As a young female activist, I have struggled with being dismissed and disrespected because of my identity. As a woman of color who is involved in the social justice realm, I think there is immense pressure to fight for our existence within the conversation. We are often judged for speaking out and speaking up. Many women of color are looked at as being outspoken and loud and are, thus, not taken seriously when they try to voice their opinion or are rather seen as aggressive. I’m constantly questioning myself and unsure of how others may view me. As a woman of color, it is challenging to stand up for what you believe in and be met with negativity and at times, unfortunately, hate speech. People are waiting to see you fall and fail, and there is this constant pressure to uphold this image. Being an activist isn’t easy. It’s not something you can just turn on and off. When you care, when you’re passionate, when it affects your everyday life, this is your full time job. Every day is taxing and a new battle. Every conversation in which you have to defend yourself and educate others or face ignorance is challenging. It isn’t easy when you are fighting for people to respect you, when all you are asking is for others to care about the discrimination and oppression that is so deeply ingrained in our society. There have been multiple times when I’ve wanted to give up and just live a “normal life.” I’ve wondered, would my life be different or easier if I just didn’t care as much? But the truth is, I was born into this identity, I didn’t choose to be living in a society that is structured to keep me marginalized. This is my reality, and if I don’t fight and speak up for myself, who else will?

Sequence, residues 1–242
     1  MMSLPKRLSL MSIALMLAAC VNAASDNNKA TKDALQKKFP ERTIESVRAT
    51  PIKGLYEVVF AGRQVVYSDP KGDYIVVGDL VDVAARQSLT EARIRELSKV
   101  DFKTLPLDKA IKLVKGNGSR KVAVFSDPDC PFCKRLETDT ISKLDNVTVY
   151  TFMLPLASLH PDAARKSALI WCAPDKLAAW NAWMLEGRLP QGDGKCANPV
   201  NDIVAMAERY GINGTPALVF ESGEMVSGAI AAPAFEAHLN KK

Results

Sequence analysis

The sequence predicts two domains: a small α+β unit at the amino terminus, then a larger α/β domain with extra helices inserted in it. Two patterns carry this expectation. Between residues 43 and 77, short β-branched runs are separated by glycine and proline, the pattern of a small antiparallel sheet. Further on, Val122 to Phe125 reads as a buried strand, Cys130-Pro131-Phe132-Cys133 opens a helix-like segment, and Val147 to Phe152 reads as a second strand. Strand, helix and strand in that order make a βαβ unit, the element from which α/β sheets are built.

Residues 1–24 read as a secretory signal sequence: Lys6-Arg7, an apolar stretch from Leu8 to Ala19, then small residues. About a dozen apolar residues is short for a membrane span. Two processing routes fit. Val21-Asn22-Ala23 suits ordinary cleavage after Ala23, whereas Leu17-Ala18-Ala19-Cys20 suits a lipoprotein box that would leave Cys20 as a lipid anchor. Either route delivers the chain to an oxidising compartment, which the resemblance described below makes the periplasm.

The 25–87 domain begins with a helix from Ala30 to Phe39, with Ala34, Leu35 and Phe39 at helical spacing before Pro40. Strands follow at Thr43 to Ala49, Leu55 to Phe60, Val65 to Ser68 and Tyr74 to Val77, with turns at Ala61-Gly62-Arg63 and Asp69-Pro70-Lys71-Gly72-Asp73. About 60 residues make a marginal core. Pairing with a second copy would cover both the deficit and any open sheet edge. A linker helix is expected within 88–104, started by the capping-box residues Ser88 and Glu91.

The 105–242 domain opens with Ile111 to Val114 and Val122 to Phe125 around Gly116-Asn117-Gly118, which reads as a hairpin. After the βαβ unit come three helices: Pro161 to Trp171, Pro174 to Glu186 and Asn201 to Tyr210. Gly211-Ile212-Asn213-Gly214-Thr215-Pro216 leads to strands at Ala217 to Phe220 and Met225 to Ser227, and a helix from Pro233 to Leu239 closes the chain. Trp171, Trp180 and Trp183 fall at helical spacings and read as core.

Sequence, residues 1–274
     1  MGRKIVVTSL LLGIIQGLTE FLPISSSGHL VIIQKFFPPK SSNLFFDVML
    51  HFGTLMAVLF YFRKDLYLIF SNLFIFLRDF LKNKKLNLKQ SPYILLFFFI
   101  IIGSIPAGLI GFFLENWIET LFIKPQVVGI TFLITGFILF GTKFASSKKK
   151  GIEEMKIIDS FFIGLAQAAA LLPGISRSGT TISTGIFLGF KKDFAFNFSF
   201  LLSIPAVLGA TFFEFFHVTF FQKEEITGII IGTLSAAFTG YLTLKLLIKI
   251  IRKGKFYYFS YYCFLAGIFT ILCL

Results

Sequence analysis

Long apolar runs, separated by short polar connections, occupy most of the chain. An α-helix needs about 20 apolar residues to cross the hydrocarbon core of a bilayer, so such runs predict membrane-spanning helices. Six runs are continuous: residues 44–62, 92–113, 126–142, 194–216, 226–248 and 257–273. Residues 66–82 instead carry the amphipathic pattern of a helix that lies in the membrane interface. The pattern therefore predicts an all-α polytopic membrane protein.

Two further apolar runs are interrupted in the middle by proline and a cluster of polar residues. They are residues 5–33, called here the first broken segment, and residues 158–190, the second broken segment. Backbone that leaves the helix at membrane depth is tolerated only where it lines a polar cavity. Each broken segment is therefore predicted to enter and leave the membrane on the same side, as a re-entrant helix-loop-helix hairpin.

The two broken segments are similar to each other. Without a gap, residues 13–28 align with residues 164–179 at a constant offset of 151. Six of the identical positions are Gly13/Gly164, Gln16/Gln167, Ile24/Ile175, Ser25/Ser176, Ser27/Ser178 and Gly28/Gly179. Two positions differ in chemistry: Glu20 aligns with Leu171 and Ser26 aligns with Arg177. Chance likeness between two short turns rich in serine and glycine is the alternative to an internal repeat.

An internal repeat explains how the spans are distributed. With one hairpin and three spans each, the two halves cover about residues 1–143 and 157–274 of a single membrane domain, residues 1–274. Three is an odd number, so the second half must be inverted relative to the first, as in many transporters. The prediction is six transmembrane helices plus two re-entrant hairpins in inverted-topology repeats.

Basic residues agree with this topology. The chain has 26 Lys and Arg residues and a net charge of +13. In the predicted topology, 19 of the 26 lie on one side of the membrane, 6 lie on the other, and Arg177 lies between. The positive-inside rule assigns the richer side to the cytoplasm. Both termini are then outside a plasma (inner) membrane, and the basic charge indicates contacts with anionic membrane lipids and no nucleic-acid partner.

What does feminism mean to you?

Feminism to me is about choosing equity over equality. It’s about acknowledging that we all come from different backgrounds and experiences that may present further barriers to attaining a certain goal or right. It’s not about fairness and treating everyone equally, but rather ensuring that everyone has what they need to be successful – and what one may need can differ based on their identity. We need to acknowledge that there are multiple factors that impact the way people in our societies are marginalized, whether that be race, sex, gender, class, ability, etc. Feminism to me is about taking these into account and striving to create an environment where we can all thrive, by catering to the multiple oppressions faced rather than generalizing them to one larger issue. Hence the saying, “Your feminism isn’t feminism unless its intersectional.”

What message do you have for young girls out there?

My message for young girls is to be your own definition of a woman—not what society has shaped you out to be. Defy the societal structure and break down the boundaries and walls you have been entrapped in from the minute you were wrapped in that pink blanket. Choose you. Choose what makes you happy. You are going to face a multitude of barriers and obstacles, but you must always remember to own your identity and the space in which you take up – don’t be afraid to claim that space. Be proud and be resilient, be unapologetically beautiful. Your mere existence is resistance.

Read more about Plan International’s #GirlsBelongHere initiative here and all the girls who were chosen to take on their dream jobs for a day.

Chocolate Lover – Bollywood Dancer – Bhangra Enthusiast – Mental Health Advocate. Jessie Brar studied psychology at Queen’s University and now works in youth mental health promotion with Jack.org in Toronto, Canada. Her spare time is dedicated to raising awareness about mental health in the South Asian community through The Mental Health Spotlight (@TheMHSpotlight). The Mental Health Spotlight is a project dedicated to erasing stigma around mental health and mental illness in South Asian communities through the power of storytelling. In her downtime, she can be found cuddled up watching/reading Harry Potter, eating Reese’s Cups, or dancing to Bollywood and Bhangra tunes in front of a mirror. Check out more of her work on her website here.